The U.K. Observer has reported that Jonathon Holmes, artistic director of the Jericho House, claims that Shakespeare should have maybe shared credit with musician Robert Johnson for The Tempest, having found evidence that the Bard's last work was actually meant to be a musical.
Robert Johnson (no, not the 1930s blues singer, although that would make for an interesting musical) was a composer, as well as the highest regarded lute virtuoso of his time, and is already said to have written two songs in the play. But Holmes, who spent two years' researching The Tempest before directing his own new production, believes that Johnson may have composed a movie score-like soundtrack to the entire play.
"The norm in the play, I now believe, was continuous sound," Holmes said, "though there is nothing else like this in Jacobean drama." Probably because musicals, as we know them, didn't exist yet.
"Although the idea of a score is something we are used to, it was revolutionary at the time," Holmes added. "It meant that the characters didn't appear to hear the music. It shaped the narrative and it changed the number of lines a character needed. In terms of dramatic importance, it is as if we've been missing a character all this time."
The eighth tip on the Alzheimer's Association's list of 10 tips for Alzheimer's patients to maintain independence is to stay active. "Continue doing hobbies you enjoy," the site advises. "Whether it's gardening, dancing, painting, volunteering, playing sports or card games, you will benefit from the mental and social stimulation."
But Wolfgang Roth, an avid theater lover, finds it more difficult for him to keep up with some of the plots of his favorite plays since he was diagnosed with Alzheimer's disease four years ago. Luckily he found The Memory Ensemble, a 90-minute weekly improv session for people with early stages of Alzheimer's or other forms of dementia.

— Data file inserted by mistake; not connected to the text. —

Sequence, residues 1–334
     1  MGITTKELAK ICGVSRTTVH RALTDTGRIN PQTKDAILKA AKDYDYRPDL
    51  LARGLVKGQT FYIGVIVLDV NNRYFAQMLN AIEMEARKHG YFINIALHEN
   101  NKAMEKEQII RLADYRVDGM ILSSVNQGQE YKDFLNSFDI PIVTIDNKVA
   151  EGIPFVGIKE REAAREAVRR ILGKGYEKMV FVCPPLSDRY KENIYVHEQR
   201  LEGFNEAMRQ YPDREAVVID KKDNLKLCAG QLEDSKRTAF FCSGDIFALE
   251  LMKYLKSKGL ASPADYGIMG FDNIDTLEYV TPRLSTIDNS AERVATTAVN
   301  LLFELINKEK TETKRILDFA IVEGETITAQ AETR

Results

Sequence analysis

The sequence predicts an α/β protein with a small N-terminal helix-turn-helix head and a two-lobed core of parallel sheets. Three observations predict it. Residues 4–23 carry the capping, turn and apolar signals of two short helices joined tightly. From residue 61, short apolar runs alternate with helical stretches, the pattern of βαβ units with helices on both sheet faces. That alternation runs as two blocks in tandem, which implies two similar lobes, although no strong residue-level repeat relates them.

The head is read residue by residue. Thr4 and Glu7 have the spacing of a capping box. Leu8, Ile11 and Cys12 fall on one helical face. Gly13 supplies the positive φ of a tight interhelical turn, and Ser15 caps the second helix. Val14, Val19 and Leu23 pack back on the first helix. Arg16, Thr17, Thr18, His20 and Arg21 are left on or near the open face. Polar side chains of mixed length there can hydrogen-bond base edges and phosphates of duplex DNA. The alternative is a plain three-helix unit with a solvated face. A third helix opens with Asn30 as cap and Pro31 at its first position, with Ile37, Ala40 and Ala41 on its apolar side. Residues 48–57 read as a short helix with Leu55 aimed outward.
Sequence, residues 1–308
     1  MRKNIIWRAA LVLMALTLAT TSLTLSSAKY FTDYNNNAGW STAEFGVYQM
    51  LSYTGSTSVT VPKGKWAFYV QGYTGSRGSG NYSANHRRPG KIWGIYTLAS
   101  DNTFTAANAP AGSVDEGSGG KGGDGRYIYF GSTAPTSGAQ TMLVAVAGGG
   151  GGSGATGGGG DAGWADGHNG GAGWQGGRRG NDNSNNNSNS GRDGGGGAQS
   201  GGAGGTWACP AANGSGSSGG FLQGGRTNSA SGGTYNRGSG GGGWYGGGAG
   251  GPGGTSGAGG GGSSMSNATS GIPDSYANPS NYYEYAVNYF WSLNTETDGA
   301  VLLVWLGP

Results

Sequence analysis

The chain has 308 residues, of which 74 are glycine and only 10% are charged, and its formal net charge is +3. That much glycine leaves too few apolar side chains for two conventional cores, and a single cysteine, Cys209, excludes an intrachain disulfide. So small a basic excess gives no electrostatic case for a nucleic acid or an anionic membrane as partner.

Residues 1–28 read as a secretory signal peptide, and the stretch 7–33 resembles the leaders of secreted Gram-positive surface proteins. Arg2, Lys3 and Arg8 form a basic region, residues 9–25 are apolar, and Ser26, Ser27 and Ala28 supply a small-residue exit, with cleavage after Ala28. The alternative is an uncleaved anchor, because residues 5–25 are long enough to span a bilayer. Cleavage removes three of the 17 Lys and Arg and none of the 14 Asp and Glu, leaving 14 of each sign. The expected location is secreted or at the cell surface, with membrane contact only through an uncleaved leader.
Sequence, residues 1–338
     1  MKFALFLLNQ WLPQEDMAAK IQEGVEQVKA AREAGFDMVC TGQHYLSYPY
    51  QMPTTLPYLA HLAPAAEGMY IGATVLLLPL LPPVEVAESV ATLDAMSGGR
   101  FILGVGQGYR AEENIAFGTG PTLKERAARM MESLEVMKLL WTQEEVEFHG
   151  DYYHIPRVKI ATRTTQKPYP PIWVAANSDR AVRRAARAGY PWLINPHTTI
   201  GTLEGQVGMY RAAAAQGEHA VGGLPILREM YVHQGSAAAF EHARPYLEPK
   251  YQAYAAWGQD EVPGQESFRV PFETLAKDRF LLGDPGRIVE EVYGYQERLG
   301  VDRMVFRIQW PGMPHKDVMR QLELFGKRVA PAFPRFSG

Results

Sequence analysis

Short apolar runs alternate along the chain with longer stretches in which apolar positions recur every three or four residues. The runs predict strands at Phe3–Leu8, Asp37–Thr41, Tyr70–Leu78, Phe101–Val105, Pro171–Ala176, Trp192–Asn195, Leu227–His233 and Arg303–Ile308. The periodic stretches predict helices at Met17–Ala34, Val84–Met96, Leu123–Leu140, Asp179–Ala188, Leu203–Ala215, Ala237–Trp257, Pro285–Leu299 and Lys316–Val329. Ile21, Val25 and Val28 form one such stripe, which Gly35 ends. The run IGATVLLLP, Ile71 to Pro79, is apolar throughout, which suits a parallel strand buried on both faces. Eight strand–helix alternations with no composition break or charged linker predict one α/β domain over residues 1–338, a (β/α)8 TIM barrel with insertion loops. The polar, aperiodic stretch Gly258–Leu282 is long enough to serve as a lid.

The Memory Ensemble was founded by the Cognitive Neurology and Alzheimer's Disease Center at Northwestern University Feinberg School of Medicine in partnership with the Tony Award-winning Lookingglass Theatre Company. Lookingglass member Christine Mary Dunford serves as the group's improv coach and leads them through a set of simple improv games.
"When we think of people with Alzheimer's and other dementia, we think about people who are losing skills on a daily basis," Dunford told NPR, "but here, they're learning some new things, too. It gives them... a sense of self-confidence that they were able to accomplish this. And in this disease, there's not a lot of opportunity to feel a sense of accomplishment."
David Fox, theater teacher at the University of Pennsylvania and theater critic for the Philadelphia City Paper, wrote an essay last week for the New York Times Arts Beat Blog, debating whether or not booing at a theater performance is fair.
Fox points out the prominence of booing in the operatic culture, and how "booing, like cheering, was a passionate comment on star performers" during the 19th century, when there were curtain calls after each act. Opera singers today still have to fend off jeers, and he cites the booing of Roberto Alagna in a 2006 production of Aida at La Scala as a recent example.
But Fox goes on to say that today, booing at the opera is usually not directed at the performers, but at the creative team, who audiences feel are perhaps misrepresenting the tradition of the art form. When the director or designers take their bows, most often they are the ones getting booed.
This presents an argument for whether or not the same sort of jeering could be appropriate in a theater setting. For one, Fox points out that the only ones bowing at a curtain call are the actors, and in some cases, they may not be the ones responsible for the audience's displeasure. Furthermore, the theater actor has less direct contact with the audience, not breaking character as often as in an opera, and therefore leaves little time for an appropriate jeer-fest from the audience. The theater audiences in general, Fox adds, "have less of a fixed sense of how things should be done."